Dinner that evening featured a strawberry pie.  Featuring fresh strawberries from my mother’s garden.  It couldn’t be more perfect.

In the evening, we headed to the back of the West Point park to see the local fireworks.  West Point has grown enough in recent years to merit its own fairly impressive July 4th celebration.  I mean, they had a Beatles tribute band and everything.

The back of the field is mostly empty — the crowds are all at the other end of the park — so we had room to romp.  I threw a Frisbee around with Dad, Brian, and Alex (I haven’t Frisbee’d in eons).  Arial fireworks became legal in Utah this summer, and we could see mini-fireworks blasting into the air all along the horizon.

In the meanwhile, the kids ran around with glow sticks.  Many, many glowsticks.

My mom had found a big package of something like 30 glowsticks on sale.  There were enough to share with other kids nearby, and enough for experiments.  They made a giant ring to throw a football through.  Later they connected a dozen of them to make a glow-in-the-dark jump rope.  William looped them on all on his arms and legs, and Eleanor piled them around her neck and danced around.  Even Katie had a few wrapped around her car seat, to prevent people walking on top of her.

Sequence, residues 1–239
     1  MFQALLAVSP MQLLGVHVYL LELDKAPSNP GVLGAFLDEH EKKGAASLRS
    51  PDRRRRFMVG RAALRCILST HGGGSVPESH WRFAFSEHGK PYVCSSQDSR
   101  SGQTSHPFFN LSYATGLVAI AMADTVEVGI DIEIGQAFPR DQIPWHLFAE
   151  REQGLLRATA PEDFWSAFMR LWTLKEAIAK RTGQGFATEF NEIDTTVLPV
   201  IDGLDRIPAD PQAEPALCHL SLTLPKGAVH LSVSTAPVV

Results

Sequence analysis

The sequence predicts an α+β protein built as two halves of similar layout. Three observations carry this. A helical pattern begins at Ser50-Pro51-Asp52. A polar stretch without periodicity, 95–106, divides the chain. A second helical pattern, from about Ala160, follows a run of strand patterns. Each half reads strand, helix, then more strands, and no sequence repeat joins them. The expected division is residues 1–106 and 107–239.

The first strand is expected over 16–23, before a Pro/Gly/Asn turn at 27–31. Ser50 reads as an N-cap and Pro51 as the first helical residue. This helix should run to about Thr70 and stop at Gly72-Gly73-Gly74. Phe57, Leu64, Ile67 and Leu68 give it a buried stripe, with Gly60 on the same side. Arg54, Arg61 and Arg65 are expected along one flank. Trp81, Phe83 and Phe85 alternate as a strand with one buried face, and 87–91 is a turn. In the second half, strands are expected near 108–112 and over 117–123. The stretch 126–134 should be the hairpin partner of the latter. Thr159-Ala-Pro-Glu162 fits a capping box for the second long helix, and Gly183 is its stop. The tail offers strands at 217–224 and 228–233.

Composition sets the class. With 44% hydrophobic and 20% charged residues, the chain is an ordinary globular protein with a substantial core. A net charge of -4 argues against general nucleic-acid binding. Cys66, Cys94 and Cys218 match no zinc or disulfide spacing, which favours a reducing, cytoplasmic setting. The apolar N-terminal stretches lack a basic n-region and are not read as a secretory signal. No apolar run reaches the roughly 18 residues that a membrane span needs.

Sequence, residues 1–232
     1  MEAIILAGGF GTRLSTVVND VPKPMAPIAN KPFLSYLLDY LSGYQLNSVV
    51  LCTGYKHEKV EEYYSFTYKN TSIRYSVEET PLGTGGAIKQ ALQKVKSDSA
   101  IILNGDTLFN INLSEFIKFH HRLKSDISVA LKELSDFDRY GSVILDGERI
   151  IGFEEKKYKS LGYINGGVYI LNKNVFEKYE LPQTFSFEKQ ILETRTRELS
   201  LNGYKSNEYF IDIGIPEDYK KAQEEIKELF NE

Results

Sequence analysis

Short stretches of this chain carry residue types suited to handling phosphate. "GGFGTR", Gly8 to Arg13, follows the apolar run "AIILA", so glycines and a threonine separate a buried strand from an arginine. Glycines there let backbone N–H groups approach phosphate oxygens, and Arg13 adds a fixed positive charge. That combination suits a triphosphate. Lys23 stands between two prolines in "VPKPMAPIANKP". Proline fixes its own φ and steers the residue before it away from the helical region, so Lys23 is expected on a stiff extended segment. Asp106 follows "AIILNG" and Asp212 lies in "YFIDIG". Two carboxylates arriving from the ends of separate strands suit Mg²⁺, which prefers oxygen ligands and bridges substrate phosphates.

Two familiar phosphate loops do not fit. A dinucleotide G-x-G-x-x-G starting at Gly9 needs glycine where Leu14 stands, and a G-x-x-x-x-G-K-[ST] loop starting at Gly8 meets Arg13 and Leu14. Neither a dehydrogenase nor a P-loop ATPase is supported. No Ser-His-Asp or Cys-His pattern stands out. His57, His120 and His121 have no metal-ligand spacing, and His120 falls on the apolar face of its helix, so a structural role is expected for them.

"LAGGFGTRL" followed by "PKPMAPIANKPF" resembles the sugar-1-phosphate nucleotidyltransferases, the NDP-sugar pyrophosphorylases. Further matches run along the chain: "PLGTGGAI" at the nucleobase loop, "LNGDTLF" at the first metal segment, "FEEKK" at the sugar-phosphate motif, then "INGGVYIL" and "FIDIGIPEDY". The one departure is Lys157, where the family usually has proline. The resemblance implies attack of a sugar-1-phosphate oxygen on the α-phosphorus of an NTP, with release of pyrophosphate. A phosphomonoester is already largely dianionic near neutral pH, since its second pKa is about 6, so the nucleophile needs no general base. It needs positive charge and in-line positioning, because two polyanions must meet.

Katie, remarkably, was not afraid of the fireworks at all.  She just sat on my lap and smiled at them.  Eleanor, however, was once again curled in Daddy’s lap.  The rockets were going off right over our heads, it was fabulous.

The sad thing is that my camera ran out of batteries before I could take any pictures of the glowy-ness.  But perhaps it would be against Fate to have a  completely perfect day, right?

History Face

How long is July 4th?  One day, you say?  As in, that’s why it’s called The Fourth of July?


In Provo, July 4th is at least a week.  A week.  Which is why we spent the first half of our holiday weekend there, taking in “Colonial Days.”  This is an exhibit sponsored by a local printing press museum.  There’s a Civil War encampment on the lawn, an exhibit about the Mayflower, some guy making lead bullets over a campfire, and ladies in 18th-century dress knitting doodads with acrylic yarn.

Brian and I agree that this mismash of time periods should lead the organizers to rename the event “Olde Tyme Days.”

Need I even say that Jeffrey was in hog heaven at Olde Tyme Days?  He insisted on coming in costume — the tricorner hat was a Christmas present from Uncle Michael and Aunt Natalie — and once Eleanor and William got wind of this, they insisted on costumes, too.  That’s why, in the picture above, she’s wearing a pioneer dress two sizes too big, and why William is sporting a leather vest (Grandma came to the rescue with those.  Whew!).

Oh, and Katie was dressed as Napoleon: